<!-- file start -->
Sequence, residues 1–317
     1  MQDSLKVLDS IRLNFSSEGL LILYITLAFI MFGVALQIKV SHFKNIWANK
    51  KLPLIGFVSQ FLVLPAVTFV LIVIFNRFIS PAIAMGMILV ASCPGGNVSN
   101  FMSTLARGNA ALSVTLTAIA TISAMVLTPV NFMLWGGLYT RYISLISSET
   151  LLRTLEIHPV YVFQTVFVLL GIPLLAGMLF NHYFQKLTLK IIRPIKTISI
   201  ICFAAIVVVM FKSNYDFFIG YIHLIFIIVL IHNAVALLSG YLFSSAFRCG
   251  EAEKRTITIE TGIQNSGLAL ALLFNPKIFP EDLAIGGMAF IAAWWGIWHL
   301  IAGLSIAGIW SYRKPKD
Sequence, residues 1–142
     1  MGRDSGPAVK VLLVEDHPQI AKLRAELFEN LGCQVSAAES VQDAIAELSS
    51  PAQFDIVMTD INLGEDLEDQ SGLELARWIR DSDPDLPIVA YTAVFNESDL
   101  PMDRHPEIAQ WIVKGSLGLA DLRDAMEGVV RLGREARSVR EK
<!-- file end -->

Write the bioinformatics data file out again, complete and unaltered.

Sequence, residues 1–317
     1  MQDSLKVLDS IRLNFSSEGL LILYITLAFI MFGVALQIKV SHFKNIWANK
    51  KLPLIGFVSQ FLVLPAVTFV LIVIFNRFIS PAIAMGMILV ASCPGGNVSN
   101  FMSTLARGNA ALSVTLTAIA TISAMVLTPV NFMLWGGLYT RYISLISSET
   151  LLRTLEIHPV YVFQTVFVLL GIPLLAGMLF NHYFQKLTLK IIRPIKTISI
   201  ICFAAIVVVM FKSNYDFFIG YIHLIFIIVL IHNAVALLSG YLFSSAFRCG
   251  EAEKRTITIE TGIQNSGLAL ALLFNPKIFP EDLAIGGMAF IAAWWGIWHL
   301  IAGLSIAGIW SYRKPKD
Sequence, residues 1–142
     1  MGRDSGPAVK VLLVEDHPQI AKLRAELFEN LGCQVSAAES VQDAIAELSS
    51  PAQFDIVMTD INLGEDLEDQ SGLELARWIR DSDPDLPIVA YTAVFNESDL
   101  PMDRHPEIAQ WIVKGSLGLA DLRDAMEGVV RLGREARSVR EK